Want your teens to become perfect little angels who never argue and do everything you tell them to do? Yes? Then don’t have children.
But. The contract below will get you closer to that lack of reality.
With just one week left until school starts, we will begin the mad dash of getting the paperwork filled out, school supplies and clothes purchased, wrangling the kids back into a decent bedtime and MOST IMPORTANT OF ALL, the Back to School Contract.
Hear angels singing? You won’t. It isn’t that great, but it’s REALLY REALLY good. If you don’t have a BTS Contract or as we like to refer to it, a Zip It Contract, you are in for a treat. The sole purpose of the contract is to say ZIP IT to your sanity sucking teens when they start to get feisty.
For example, they might say, “I can’t believe we have to go to bed, it’s only 10:00.”
You will point to the contract hanging on your family board, take a slow sip of my wine, turn to your teen and with a June Cleaver smile say, “Remember sweetie, you signed the contract.” In other words? “Zip it.”
If you DIDN’T have the contract, the conversation would have gone like this, “I can’t believe we have to go to bed, it’s only 10:00.”
You would begin with, “It is a school night and you need to get sleep to be smart and grow.”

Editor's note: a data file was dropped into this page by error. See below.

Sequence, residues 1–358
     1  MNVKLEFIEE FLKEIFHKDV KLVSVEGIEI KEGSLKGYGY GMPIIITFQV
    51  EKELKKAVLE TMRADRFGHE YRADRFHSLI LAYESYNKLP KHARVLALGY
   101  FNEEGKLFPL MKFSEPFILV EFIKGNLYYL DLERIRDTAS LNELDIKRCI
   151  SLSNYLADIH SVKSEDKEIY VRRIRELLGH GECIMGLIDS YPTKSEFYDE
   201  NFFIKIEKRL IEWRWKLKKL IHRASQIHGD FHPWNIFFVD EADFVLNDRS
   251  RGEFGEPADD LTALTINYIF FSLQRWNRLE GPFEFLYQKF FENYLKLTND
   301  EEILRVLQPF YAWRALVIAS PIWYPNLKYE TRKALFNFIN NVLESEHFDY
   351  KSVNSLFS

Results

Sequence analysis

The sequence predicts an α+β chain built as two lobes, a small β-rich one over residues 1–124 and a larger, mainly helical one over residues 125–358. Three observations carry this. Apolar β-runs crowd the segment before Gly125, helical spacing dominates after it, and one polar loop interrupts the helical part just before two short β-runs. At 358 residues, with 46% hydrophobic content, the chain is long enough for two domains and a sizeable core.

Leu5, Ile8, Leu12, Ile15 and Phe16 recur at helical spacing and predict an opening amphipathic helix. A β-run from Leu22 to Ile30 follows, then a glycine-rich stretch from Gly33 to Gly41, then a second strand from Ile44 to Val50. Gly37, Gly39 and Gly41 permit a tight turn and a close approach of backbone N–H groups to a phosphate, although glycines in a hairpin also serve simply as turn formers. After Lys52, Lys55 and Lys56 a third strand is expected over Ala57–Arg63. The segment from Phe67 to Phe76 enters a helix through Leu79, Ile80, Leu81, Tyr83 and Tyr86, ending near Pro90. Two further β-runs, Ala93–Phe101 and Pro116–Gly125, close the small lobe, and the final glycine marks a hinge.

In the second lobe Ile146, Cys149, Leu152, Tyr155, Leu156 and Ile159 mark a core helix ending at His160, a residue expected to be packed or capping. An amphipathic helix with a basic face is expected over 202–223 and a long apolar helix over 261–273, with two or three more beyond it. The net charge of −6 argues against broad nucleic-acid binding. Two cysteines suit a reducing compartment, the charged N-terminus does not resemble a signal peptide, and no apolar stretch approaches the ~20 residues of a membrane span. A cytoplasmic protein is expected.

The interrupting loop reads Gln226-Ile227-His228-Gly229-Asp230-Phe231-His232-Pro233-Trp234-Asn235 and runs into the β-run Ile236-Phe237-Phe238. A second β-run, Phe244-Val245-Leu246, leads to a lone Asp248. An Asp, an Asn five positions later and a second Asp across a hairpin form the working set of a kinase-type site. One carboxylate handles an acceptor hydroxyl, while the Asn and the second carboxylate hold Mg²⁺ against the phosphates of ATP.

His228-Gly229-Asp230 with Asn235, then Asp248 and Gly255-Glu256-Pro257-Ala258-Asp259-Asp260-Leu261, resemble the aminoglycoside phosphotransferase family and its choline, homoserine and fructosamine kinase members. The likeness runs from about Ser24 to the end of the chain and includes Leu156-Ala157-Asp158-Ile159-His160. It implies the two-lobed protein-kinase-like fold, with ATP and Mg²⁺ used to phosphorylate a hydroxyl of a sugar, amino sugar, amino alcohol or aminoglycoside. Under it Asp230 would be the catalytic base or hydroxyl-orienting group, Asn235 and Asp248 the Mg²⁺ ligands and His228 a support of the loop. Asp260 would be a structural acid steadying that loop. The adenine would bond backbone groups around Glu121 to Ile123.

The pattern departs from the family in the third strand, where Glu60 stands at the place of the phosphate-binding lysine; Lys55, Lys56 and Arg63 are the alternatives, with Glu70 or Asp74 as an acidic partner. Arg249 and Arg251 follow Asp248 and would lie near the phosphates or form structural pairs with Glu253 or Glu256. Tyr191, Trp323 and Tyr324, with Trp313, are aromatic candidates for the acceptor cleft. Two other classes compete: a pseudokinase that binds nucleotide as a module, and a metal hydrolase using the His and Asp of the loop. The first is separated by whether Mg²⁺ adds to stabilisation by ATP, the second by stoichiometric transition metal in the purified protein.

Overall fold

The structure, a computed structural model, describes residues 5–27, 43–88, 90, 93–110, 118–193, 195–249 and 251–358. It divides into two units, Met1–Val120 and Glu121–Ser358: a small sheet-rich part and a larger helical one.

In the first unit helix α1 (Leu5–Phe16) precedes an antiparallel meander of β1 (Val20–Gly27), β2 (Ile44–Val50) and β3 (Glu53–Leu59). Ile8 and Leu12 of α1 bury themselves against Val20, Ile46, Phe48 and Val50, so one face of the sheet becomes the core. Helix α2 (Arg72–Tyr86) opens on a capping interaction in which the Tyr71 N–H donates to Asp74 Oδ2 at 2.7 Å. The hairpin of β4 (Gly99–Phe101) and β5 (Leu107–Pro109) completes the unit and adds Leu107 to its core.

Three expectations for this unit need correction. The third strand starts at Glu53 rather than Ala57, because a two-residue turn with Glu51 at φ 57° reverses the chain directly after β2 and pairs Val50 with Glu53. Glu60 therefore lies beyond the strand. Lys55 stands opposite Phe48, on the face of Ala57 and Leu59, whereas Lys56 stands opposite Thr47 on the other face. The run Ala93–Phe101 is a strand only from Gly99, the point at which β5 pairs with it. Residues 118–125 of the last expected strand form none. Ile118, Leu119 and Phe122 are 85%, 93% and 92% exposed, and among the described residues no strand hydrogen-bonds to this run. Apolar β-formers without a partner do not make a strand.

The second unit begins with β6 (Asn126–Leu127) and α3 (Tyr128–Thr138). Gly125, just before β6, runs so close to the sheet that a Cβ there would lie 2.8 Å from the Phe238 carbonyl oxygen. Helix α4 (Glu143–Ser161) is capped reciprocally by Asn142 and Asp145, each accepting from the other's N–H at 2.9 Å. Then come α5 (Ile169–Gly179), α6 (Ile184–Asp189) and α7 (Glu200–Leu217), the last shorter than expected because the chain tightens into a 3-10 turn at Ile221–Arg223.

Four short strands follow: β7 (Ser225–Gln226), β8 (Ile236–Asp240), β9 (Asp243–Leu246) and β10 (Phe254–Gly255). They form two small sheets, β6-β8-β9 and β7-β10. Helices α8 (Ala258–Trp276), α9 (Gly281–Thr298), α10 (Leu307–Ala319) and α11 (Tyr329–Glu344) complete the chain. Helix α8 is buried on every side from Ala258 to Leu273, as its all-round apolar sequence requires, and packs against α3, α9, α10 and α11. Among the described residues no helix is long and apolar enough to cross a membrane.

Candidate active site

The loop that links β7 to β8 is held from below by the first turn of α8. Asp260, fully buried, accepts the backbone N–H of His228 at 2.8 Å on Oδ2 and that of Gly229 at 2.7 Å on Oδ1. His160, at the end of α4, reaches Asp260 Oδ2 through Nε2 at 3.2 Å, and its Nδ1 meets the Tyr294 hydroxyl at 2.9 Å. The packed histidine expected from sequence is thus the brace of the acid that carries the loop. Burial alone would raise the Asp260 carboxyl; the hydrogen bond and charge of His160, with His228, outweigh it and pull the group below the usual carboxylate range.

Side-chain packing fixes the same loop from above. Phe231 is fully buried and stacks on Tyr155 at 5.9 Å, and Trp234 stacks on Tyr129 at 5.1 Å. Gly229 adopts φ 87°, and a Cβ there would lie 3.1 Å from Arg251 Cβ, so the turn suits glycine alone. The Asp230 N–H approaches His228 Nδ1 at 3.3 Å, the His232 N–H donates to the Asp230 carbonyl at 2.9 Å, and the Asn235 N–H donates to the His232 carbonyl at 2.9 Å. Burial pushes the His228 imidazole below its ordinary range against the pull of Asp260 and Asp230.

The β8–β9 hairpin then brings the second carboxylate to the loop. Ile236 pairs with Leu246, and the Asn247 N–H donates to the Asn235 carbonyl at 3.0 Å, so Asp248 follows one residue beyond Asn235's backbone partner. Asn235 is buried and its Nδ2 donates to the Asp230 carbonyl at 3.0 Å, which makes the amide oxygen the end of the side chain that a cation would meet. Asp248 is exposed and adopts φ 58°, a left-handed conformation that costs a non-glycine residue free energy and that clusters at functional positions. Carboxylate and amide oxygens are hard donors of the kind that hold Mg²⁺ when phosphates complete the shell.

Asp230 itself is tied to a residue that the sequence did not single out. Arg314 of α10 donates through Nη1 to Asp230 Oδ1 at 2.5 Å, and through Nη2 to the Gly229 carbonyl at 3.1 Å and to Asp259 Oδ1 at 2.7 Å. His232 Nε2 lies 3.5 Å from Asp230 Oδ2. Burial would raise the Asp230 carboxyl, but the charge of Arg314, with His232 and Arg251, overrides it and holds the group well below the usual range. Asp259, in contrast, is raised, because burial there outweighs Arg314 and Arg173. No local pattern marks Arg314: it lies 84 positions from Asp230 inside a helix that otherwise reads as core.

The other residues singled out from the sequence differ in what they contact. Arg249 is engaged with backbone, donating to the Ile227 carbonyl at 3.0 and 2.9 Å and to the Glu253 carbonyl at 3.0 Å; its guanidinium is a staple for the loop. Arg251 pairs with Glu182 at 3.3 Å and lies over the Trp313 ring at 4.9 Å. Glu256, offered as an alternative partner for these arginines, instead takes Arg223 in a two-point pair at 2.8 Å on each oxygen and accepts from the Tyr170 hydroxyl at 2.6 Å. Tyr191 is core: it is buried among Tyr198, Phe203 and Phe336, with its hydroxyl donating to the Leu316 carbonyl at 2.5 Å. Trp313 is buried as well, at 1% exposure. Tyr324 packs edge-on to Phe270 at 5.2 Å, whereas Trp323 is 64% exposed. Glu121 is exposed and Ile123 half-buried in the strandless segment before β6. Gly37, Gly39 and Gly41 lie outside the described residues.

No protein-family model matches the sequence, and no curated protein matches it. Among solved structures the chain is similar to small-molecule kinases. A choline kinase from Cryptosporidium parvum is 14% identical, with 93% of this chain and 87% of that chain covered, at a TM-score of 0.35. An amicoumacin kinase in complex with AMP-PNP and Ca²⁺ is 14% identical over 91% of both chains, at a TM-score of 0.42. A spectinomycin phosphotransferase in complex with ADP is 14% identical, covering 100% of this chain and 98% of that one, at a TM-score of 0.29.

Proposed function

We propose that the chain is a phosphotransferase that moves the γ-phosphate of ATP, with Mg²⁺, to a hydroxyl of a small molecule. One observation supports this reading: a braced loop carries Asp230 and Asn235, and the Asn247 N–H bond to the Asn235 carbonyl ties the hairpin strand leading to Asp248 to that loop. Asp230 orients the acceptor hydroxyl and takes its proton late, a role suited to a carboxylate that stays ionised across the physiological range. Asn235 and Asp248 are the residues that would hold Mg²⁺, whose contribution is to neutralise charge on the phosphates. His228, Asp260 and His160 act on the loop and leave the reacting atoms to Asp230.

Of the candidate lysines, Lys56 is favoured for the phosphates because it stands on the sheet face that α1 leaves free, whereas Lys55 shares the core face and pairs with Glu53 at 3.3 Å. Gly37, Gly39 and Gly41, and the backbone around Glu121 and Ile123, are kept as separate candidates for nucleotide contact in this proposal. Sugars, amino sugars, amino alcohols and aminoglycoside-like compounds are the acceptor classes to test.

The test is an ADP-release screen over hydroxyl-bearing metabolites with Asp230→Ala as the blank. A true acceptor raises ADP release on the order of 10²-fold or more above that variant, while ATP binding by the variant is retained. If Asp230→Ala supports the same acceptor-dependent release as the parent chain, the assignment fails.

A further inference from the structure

They would say, “But why? All my friends stay up until 11:30 and they are ALL smart and tall?”
Then something so awful, so disgustingly your mother, would come flying out of your mouth, “IF ALL YOUR FRIENDS JUMPED OFF A BRIDGE”…you get the point. *shivers*
Thirty minutes later you would still be arguing and the whole thing would end with an eye roll, some comment about what an uncool mom you are and your teen slamming their bedroom door in your face.
*downs the rest of her wine*
Instead? Zip it.
Below is a copy of our Back to School Contract:
We all sign the agreement and while it doesn’t alleviate every argument and certainly doesn’t even slightly curb the eye rolls, it gets rid of most disagreements and shortens the others.
A quick reminder that my smiling face is all they will see all weekend and let’s just say they empty that dishwasher with an enthusiasm that rivals a kindergarten room mom.
Instead of getting annoyed with my teens’ eye rolls, I play a game in my head. I used to be a champion eye roller when I was a teen. So? I grade their eye rolls. One being the worst and ten being the best. Bonus points if they fling their head back at the same time. Sometimes I shout it out to them, “Nice. That was totally a nine,” and other times I keep it to myself. Either way? It makes me laugh instead of scream. You’re welcome.